Jackson’s Return From Dover jig

Also known as Jackson’s Trip To Dover.

There are 3 recordings of a tune by this name.

Jackson's Return From Dover has been added to 6 tunebooks.

Download ABC

Two settings

X: 1
T: Jackson's Return From Dover
R: jig
M: 6/8
L: 1/8
K: Gmaj
FG|:AAA ABc|BAG EFG|AAA ABc|BAG E2 D|
EGG EGG|EGG GED|AAA ABc|BAB GAB|
cBc A2G|1FDD DFG:|2FDD D2e||
|:fdd edd|fdd def|gfg e2d|cAA A2 e|
fdd ede|gfe dcA|AAA ABc|1BAG E2e:|2BAG EFG||
X: 2
T: Jackson's Return From Dover
R: jig
M: 6/8
L: 1/8
K: Ador
~A3 ABc|BAG E2D|EFG EFG|EFG EFG|~A3 ABc|BAB GAB|cBc A2G|FDD DEG||~A3 ABc|BAG E2D|
~A3 ABc|BAG E2D|EFG EFG|EFG EFG|~A3 ABc|BAB GAB|cBc A2G|FDD D2e|:fdd edd|fdd def|
gfg e2d|^cAA A2e|fdd ede|1 gfe d=cB|~A3 ABc|BAG E2e:|2 gfe d=cB||

Six comments

Jackson’s Return From Dover

I got this tune many years ago from a Seannachie album by an Irish hammer dulcimer player,whose name escapes me.It’s the only Irish jig I’ve ever heard with ten bars(in the first part).Does anybody know anything about this tune? David Meredith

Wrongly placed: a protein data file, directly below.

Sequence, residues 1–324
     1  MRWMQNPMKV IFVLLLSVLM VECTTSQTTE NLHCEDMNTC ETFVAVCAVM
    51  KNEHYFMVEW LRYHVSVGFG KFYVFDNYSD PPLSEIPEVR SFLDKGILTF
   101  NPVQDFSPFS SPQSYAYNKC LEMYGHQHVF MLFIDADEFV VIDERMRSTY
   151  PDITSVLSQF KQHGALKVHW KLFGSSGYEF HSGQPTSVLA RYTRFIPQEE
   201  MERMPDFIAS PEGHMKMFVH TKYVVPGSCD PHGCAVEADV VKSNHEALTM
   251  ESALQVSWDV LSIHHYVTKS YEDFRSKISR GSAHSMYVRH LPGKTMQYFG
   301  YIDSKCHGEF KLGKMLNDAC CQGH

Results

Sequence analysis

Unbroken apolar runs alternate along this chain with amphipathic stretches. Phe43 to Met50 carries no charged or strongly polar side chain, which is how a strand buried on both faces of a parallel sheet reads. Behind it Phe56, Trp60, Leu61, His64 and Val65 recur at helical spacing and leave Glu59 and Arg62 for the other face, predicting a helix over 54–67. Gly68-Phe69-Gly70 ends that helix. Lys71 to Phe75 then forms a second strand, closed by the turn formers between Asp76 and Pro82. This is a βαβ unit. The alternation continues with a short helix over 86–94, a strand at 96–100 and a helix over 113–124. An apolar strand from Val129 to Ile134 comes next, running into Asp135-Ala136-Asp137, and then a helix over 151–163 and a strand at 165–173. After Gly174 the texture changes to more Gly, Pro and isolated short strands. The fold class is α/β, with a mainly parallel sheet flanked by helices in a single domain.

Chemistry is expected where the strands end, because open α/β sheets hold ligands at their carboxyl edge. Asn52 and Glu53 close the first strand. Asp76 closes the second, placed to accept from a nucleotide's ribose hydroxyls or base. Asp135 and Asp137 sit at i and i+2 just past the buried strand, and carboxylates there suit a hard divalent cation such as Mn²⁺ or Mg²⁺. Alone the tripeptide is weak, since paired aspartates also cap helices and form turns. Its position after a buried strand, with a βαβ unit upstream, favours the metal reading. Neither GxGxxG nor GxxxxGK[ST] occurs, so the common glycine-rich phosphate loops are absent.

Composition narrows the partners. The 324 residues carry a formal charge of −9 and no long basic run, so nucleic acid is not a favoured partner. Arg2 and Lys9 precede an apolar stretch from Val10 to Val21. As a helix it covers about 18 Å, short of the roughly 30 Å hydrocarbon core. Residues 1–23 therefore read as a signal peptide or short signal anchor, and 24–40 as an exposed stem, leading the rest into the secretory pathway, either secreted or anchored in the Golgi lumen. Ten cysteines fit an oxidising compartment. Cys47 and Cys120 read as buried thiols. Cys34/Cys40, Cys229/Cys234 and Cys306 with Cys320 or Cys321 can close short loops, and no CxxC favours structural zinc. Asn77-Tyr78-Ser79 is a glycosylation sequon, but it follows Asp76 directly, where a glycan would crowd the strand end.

Jackson’s Return from Dover

Bars 5 and 6 in the A-part appear to be the extra ones. I wonder if this tune was written specifically for a particular set dance where the number of bars in the tune had to match the length of the dance.
Trevor

John Rea

The tune is on a record of John Rea, the legendary player of hammered dulcimer

I’ve always thought of this tune as a ‘setdance’ rather than a jig. I think Trevor J is right, it probably had a special dace to it

Jackson’s Trip to Dover, X:2

Here’s my transcription from Skylark’s first album, where it’s called "Jackson’s Trip to Dover". This version also has "strange" numbers of bars, but in the end it works out to 32 bars total, which solves the "problem".
As "slainte" pointed out, this tune belongs to the huge tune family "Connie the Soldier" / "An Ghaoth Aniar-Aneas".